DVDs offer much higher quality sound than VHS tapes, but if you're spending a lot of money on a DVD player, you may be wasting much of that investment if the rest of the sound system isn't up to the job. The same goes for video. Progressive scan and component video output have the most impact on your picture quality, but you need a television that supports component video or progressive scan to see any difference.
Most new higher-end televisions support component video, which separates your video signal into the black and white and color components. Component video provides a much cleaner picture than standard video or S-video signals. Again, to see any benefit, the rest of your system will have to be up to the task. If your television doesn't have component video input, you won't see any benefit from a DVD player with this feature.
The latest tech
The most expensive high-end televisions support a technology called progressive scan or digital video (Sony calls this feature Hi-Scan -- watch for the 1080i feature, which means 1080 lines of resolution). Progressive scan is a sort of warm-up to the much-hyped HDTV (high definition television). Video images are made up of lines of resolution; current television signals are interlaced -- your television refreshes every other line every time the screen is refreshed, so half the screen lines change on every other scan. Progressive scan televisions refresh every screen line every time the screen is refreshed, resulting in a much smoother picture. Progressive scan DVD players provide the best possible DVD image available today.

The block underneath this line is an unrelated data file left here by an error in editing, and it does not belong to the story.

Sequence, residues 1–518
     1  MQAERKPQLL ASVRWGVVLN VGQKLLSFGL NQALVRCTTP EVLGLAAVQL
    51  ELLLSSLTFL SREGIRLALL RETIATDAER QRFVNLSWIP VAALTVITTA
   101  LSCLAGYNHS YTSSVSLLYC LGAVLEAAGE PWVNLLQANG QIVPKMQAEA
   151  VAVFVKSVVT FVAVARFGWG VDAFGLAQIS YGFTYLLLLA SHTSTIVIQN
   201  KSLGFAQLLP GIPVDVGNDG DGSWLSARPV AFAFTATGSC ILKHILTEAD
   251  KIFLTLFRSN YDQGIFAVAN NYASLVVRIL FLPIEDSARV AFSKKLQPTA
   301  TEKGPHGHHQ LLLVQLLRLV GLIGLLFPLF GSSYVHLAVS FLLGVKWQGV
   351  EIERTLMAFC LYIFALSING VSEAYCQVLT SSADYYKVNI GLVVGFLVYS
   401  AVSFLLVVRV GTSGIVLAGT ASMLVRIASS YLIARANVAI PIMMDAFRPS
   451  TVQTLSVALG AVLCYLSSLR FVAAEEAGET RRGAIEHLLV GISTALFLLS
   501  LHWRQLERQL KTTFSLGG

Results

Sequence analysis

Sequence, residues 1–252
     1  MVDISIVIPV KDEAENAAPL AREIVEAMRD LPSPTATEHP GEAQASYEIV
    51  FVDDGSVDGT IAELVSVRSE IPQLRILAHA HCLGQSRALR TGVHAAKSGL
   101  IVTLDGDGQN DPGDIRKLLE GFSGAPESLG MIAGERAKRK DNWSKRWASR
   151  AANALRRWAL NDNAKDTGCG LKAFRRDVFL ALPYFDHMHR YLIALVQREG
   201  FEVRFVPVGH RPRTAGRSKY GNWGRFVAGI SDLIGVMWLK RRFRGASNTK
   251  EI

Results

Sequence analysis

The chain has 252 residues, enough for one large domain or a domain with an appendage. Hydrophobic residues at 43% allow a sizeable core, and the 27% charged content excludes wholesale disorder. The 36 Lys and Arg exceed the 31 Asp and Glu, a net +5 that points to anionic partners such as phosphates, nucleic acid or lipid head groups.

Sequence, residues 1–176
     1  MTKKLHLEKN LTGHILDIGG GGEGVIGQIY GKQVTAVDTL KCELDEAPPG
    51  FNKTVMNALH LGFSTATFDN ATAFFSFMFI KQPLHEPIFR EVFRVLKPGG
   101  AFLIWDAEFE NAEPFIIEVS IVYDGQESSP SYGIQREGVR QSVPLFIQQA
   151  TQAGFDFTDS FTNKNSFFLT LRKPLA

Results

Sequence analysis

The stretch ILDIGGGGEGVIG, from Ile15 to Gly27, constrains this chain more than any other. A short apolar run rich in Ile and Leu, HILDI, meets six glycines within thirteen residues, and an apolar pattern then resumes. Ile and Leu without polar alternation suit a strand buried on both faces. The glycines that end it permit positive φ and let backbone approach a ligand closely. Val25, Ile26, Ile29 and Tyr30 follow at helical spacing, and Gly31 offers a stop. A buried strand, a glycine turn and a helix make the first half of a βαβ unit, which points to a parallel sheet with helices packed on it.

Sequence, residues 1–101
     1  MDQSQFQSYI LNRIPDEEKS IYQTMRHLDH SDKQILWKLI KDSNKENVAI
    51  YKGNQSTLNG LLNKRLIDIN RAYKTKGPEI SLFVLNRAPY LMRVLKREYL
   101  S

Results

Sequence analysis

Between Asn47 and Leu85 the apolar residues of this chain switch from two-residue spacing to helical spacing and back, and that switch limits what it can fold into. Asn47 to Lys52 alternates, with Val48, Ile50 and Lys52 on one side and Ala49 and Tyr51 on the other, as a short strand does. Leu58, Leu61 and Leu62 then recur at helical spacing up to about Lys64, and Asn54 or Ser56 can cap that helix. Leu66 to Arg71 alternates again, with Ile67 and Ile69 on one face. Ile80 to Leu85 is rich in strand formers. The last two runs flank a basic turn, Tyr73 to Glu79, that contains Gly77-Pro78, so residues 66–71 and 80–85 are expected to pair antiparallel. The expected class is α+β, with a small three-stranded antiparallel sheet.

If your television has neither progressive scan nor component video inputs, the visible difference between any of the DVD players -- from the $99 player to the players that cost thousands -- is likely negligible, especially on televisions smaller than 27 inches. If your salesman tells you that a progressive scan player will provide better images on your non-progressive scan television, find another salesman or store. If you have larger televisions, some of the "under the hood" features of higher-quality units, like more accurate disc tracking lasers, will show up during your movies. If you're preparing to upgrade televisions soon and are ready to spend big bucks (more than $1,000), a DVD player with these features will be money well spent. If not, save your money.
This story was originally published on December 11, 2001. It has been updated for republication..